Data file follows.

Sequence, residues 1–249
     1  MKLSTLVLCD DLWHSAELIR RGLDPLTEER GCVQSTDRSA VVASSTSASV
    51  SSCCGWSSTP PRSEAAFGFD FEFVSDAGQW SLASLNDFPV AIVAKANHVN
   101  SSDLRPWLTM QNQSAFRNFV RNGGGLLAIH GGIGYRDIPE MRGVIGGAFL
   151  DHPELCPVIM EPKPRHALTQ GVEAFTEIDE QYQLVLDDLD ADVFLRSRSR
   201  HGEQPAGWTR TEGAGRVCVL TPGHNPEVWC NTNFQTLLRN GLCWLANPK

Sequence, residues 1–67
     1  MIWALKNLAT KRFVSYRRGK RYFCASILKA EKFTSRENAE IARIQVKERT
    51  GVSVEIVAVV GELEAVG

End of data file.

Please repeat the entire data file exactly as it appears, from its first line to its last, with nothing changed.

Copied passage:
Sequence, residues 1–249
     1  MKLSTLVLCD DLWHSAELIR RGLDPLTEER GCVQSTDRSA VVASSTSASV
    51  SSCCGWSSTP PRSEAAFGFD FEFVSDAGQW SLASLNDFPV AIVAKANHVN
   101  SSDLRPWLTM QNQSAFRNFV RNGGGLLAIH GGIGYRDIPE MRGVIGGAFL
   151  DHPELCPVIM EPKPRHALTQ GVEAFTEIDE QYQLVLDDLD ADVFLRSRSR
   201  HGEQPAGWTR TEGAGRVCVL TPGHNPEVWC NTNFQTLLRN GLCWLANPK

Sequence, residues 1–67
     1  MIWALKNLAT KRFVSYRRGK RYFCASILKA EKFTSRENAE IARIQVKERT
    51  GVSVEIVAVV GELEAVG